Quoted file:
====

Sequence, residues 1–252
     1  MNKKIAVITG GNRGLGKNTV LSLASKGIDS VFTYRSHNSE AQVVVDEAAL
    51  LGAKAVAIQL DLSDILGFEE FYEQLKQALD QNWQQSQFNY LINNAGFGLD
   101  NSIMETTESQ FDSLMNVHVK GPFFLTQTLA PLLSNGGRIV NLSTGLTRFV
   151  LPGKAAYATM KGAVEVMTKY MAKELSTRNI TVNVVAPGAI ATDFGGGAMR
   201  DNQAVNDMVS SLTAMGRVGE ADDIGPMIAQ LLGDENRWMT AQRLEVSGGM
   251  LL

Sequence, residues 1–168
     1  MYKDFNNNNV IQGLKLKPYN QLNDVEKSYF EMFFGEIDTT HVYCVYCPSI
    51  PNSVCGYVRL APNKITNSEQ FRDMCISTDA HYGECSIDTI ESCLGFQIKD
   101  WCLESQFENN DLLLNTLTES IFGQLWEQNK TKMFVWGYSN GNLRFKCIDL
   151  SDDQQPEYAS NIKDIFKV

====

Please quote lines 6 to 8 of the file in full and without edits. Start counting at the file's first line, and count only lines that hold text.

   201  DNQAVNDMVS SLTAMGRVGE ADDIGPMIAQ LLGDENRWMT AQRLEVSGGM
   251  LL

Sequence, residues 1–168